Listening, learning and looking to do more

25 Nov 2020

The London 2012 Olympic Games were all about "inspiring a generation" - and Adele Stach-Kevitz played her own small part in ensuring that inspiration could take place. 

So after leading the organisation of the Games' transport business and LOCOG's accessibility work, Adele then wanted to put something back into British sport. 

As a co-patron of the Newham and Essex Beagles - the athletics club of Sir Mo Farah and Christine Ohuruogo - a former hockey player and a 12-time London Marathon finisher, the world of aquatics may not have seemed the most likely place for Stach-Kevitz to make her mark when she became an Independent Board Director on the British Swimming board a year after London, in 2013. 

But she has a great explanation for exactly why she values her position so much and why it makes sense, as part of our latest feature in the Women In Water series. 

"I'm one of the four independent board directors - and I was recruited then specifically for not having an aquatics background, to help bring some other perspectives to support the board," she says.

"For me, it was about wanting to put something back into the sport, and having seen the great athletes and stories of the past in Britain's aquatics teams, I really wanted to join the board when I did."

Adele's responsibilities include a position as Diving Liaison - more on that later - and the board's Equality Lead, where she works to ensure greater inclusivity, accessibility and opportunities across aquatics, knowing the positive impacts such increases could have at the very top end of the sports in the long term. 

You do not need to speak to Stach-Kevitz for long to understand just how passionate she is about equality in the world of sport and beyond. 

Adele Stach-Kevitz profile picture.JPG
Adele Stach-Kevitz

"The key is that we really need to make sure we discuss everything that is relevant, important and a priority for sport now," she explains about her Equality Lead role.

"I feel that aquatics offer such wonderful sports, life skills and opportunities for people to excel – and even become elite – through the disciplines we offer, so we need to work harder to make them accessible.

"Accessibility, for me, is less about the physical and more about the attitude, economic and the mental side of feeling welcome across our sports. If we look at the sport at large and where we have ambitions for it going forward, we will achieve far more if we have a broader church of participants and advocates within the aquatics world.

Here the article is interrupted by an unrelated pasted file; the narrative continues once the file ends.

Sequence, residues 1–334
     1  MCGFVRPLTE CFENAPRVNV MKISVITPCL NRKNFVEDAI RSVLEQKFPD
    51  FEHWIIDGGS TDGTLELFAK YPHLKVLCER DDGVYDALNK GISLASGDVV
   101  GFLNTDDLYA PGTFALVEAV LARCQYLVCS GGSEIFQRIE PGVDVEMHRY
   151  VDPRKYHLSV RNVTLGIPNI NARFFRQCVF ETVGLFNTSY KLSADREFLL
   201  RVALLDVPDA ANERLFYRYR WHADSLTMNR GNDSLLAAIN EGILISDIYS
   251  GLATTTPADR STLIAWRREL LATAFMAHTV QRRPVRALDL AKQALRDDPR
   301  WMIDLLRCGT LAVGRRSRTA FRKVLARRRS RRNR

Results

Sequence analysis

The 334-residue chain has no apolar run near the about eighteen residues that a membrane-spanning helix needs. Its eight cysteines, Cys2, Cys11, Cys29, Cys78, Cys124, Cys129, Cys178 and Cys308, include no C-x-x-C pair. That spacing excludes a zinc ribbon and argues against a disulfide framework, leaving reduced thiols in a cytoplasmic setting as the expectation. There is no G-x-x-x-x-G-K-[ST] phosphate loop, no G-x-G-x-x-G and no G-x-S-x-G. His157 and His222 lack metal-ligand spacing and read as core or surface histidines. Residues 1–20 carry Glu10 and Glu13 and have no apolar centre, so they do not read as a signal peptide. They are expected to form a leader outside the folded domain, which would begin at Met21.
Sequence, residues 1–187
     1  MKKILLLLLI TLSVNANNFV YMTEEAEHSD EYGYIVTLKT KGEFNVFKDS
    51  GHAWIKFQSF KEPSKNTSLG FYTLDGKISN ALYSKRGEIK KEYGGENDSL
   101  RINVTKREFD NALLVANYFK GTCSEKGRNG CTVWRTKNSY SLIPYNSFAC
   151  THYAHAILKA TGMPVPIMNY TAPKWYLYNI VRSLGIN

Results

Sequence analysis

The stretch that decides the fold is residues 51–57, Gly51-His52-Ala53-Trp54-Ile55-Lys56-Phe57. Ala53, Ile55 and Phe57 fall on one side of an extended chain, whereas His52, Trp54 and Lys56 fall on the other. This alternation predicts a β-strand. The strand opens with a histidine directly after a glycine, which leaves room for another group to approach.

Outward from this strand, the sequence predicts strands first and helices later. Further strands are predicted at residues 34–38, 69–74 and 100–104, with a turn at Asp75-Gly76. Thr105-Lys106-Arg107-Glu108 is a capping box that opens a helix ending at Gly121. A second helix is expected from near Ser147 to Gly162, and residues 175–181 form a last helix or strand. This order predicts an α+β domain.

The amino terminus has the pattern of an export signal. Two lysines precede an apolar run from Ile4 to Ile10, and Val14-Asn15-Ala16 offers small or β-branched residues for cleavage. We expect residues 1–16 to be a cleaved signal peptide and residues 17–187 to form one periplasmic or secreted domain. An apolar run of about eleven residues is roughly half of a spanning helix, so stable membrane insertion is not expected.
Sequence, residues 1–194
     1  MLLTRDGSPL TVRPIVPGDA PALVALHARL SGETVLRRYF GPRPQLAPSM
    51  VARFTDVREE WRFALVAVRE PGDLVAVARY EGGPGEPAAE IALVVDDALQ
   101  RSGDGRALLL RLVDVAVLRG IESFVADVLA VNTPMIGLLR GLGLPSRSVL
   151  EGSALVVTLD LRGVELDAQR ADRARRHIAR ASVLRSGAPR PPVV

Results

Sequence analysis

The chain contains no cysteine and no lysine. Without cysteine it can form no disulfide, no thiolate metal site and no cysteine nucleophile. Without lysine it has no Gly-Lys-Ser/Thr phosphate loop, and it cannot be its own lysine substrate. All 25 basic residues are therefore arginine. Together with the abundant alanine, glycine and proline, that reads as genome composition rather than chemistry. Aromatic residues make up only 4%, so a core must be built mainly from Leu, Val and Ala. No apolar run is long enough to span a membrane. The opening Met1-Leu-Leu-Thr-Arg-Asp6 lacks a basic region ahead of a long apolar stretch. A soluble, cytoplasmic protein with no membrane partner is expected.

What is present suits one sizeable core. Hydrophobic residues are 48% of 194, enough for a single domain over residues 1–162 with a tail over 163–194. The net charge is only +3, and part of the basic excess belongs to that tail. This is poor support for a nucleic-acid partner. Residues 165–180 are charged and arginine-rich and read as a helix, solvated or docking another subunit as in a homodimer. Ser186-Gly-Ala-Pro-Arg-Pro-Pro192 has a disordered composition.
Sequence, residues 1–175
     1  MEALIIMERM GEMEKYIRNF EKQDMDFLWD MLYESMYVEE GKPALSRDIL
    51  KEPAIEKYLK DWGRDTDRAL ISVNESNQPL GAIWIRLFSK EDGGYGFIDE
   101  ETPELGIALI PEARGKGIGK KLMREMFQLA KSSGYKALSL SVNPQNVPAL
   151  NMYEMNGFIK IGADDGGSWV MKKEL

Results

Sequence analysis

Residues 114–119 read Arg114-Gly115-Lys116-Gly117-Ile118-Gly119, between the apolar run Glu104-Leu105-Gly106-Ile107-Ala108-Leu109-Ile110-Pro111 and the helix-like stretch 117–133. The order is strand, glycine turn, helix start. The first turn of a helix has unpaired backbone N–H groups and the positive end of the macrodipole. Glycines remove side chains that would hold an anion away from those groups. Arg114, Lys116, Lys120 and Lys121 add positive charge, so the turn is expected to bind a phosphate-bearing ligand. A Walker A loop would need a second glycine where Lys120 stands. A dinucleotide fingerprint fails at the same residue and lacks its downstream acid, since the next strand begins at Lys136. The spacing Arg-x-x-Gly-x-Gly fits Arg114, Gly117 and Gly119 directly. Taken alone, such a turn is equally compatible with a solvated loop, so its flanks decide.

"When you see the success of open water swimming and mass community swims, and you see the age mix in local swimming pools with the various classes they have to make people feel more comfortable, people who might feel themselves not to be a sporty person but who love and feel happy in the water, I think it's really important that we work closely with our Home Nations to find ways to bring more people into the sports. Then, wearing my British Swimming hat, we will be blessed with a deeper, richer pool of talent to select from.

"We have such a great series of chapters of success in swimming, para-swimming and diving. As diving liaison for the board, I've been fortunate, every year, to go to our annual British Diving Championships. Despite having a much smaller number of athletes than in the swimming and para-swimming programmes, to see the volume increase of young athletes who want to take part, and to see the widening age range that we have, we are certainly making an impression there.

"But it would be wonderful if we could open up the sports to show a wider demographic and diversity at our elite level. It is happening at a junior level, and I am really hopeful that over time, we are going to see that start to push the ceiling in the podium-level athletes and our British teams, so we will see a broader lens of society in all our disciplines.

Diving platform British Diving Championships 2020
The platform at the British Diving Championships in 2020

"We are getting better. We are not brilliant, but we are getting better. The most important thing is that, as a board and as a sport and as a National Governing Body, we really care about it.

"We can always do more. The point for us now is to make sure we do the right things, in discussion with the communities that we want to be better engaged with - and that is really key for me, that we do things first by listening.

"So what we are doing as a board is we are really listening hard to the messages that are being played out in other sports and being played out in other boardrooms. First and foremost, we are daughters, sons, parents and grandparents, so we are also part of the community and we are just trying to find ways that we might be able to make our offering more accessible for everybody who wants to be part of aquatics in the British Isles."

Adele - whose other areas of work have included advisory roles during the Olympics and Paralympics, including for the IPC - had extensive boardroom experience even before her seven years and counting with British Swimming, having spent a stint as chairman of Taekwondo Organisation Limited [TOL]. 

When looking back on her past decade in such senior positions, she is in a good place to comment on how the representation of women in the highest sporting roles has changed. It has progressed, as she acknowledges - but that does not mean there is not a way to go yet.